Teen Scientists to Present Research from UT Dallas
Aug. 4, 2011
Thirty-five high school students have spent their summer in UT Dallas labs, where they have been encouraged to come up with research questions and learn the skills necessary to test their ideas and play with new concepts.
Michael Trinh is part of the NanoExplorers group at UT Dallas this summer.
They’ll be sharing what they’ve learned at “Meet a Teen Scientist,” from 2 to 4:45 p.m., Saturday, Aug. 6, at Parr Library in Plano. The Contact Science event is a collaboration between UT Dallas’ Science and Engineering Education Center (SEEC) and the Plano Public Library System.
“The Contact Science program aims to foster an understanding and appreciation of science,” said Dr. Koshi Dhingra, assistant director of the SEEC. “The ‘Meet a Teen Scientist’ event gives teen scientists already on the UT Dallas campus a chance to share their research experience in creative and interactive ways.”
Eight student participants from the Alan G. MacDiarmid NanoTech Institute’s George A. Jeffrey NanoExplorers Program will give interactive presentations on their summer research work with faculty mentors.
This is the second year that Contact Science programs have reached children and families through a partnership between the University and local public libraries.
“Contact Science brings hands-on science to our youth right in their own community, at a place they feel very comfortable—their local library,” said Cathy Ziegler, director of libraries for the Plano Public Library System. “Both our future scientists and the just plain curious have had great fun.”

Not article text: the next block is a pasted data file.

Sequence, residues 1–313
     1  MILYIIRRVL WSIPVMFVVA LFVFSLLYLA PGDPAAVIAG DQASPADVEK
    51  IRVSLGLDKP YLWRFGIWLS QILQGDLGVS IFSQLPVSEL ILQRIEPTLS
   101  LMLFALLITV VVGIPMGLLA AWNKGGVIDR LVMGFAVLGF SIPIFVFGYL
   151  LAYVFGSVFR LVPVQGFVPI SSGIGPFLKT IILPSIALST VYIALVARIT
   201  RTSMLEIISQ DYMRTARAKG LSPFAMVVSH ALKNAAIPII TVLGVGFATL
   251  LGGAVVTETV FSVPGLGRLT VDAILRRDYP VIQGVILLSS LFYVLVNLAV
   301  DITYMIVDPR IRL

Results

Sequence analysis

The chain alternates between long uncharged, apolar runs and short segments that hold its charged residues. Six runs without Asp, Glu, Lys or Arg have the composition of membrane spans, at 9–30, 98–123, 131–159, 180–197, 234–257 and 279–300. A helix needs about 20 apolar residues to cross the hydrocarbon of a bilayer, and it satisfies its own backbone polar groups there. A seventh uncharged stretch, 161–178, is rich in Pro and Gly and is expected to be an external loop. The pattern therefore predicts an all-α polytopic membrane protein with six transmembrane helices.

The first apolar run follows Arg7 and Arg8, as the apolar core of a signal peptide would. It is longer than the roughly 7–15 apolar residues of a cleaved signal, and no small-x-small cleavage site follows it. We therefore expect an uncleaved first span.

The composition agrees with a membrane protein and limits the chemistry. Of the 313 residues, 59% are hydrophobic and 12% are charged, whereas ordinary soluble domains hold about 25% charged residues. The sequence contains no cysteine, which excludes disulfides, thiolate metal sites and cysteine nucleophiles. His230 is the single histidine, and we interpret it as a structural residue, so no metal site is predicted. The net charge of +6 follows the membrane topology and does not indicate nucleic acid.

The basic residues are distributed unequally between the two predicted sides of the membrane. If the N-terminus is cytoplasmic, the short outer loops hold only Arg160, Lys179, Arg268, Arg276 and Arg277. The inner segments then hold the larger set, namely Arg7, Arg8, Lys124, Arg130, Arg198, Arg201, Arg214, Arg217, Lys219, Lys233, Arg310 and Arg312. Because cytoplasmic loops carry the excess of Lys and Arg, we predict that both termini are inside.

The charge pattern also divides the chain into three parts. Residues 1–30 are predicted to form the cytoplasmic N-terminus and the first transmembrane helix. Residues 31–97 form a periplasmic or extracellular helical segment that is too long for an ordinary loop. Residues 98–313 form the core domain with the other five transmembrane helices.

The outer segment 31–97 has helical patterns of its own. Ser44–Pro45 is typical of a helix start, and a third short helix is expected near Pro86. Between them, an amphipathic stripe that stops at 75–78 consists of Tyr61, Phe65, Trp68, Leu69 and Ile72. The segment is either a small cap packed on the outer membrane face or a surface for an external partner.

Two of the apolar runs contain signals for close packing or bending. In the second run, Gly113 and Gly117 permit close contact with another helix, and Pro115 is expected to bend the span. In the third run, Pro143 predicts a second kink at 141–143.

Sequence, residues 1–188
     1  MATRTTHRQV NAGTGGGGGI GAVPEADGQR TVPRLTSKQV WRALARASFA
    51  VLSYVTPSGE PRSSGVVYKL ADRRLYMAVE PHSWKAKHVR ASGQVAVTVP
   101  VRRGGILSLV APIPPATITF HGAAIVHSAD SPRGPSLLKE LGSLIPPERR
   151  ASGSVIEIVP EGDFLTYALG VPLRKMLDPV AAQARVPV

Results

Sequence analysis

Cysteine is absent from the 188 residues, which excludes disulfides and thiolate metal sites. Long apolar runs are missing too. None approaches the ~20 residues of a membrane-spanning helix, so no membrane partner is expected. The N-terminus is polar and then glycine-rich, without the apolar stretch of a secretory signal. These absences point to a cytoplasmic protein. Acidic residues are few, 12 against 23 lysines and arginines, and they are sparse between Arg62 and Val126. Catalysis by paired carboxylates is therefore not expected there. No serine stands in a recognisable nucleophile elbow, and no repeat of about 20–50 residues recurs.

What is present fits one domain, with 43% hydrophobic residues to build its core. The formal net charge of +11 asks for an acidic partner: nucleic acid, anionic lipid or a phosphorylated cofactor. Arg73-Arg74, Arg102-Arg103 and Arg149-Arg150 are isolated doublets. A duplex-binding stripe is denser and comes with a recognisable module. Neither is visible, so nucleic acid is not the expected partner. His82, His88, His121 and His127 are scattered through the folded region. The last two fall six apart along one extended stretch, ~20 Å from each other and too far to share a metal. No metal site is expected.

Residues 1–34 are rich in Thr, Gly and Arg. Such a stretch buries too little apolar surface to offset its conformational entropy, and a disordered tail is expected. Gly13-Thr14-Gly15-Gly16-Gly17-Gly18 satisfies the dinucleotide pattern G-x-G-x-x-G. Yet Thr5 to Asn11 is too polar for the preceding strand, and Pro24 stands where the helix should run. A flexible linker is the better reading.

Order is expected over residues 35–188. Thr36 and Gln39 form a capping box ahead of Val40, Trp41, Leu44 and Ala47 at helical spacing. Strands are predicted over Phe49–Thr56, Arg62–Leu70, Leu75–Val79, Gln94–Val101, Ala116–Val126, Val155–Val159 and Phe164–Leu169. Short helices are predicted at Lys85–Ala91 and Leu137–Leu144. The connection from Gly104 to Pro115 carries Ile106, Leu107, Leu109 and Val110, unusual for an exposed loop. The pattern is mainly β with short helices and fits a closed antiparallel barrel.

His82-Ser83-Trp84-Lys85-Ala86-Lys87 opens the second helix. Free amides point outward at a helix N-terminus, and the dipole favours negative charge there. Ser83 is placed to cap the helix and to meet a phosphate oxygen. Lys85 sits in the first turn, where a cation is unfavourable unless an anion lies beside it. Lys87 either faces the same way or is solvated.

Presenting science in the setting of a public library, Dhingra said, is a good way to cut across socio-economic lines, age groups and abilities in order to promote informal science learning and develop communities of science.
“We’ve spent our summer conducting exciting research, and now we have the opportunity to serve as role models for others and show them how science can be fun and interesting,” said Jamie Stone, an entering senior at J.J. Pearce High School in Richardson.
The University's Contact Science program is designed to give pre-college students hands-on involvement with science.
The SEEC was formed by Physics Nobel Laureate Dr. Russell Hulse, a regental professor and associate vice president for strategic initiatives at UT Dallas, in 2009.
SEEC’s Contact Science program creates and supports hands-on science and engineering exhibits and activity programs in public libraries. Contact Science takes advantage of public libraries as a unique venue for bringing ongoing engagement with science to children and their families.
The UT Dallas Alan G. MacDiarmid NanoTech Institute was launched in September 2001 and is directed by Dr. Ray Baughman, the Robert A. Welch Distinguished Chair in Chemistry in the School of Natural Sciences and Mathematics.
Baughman founded the George A. Jeffrey NanoExplorers Program in 2002.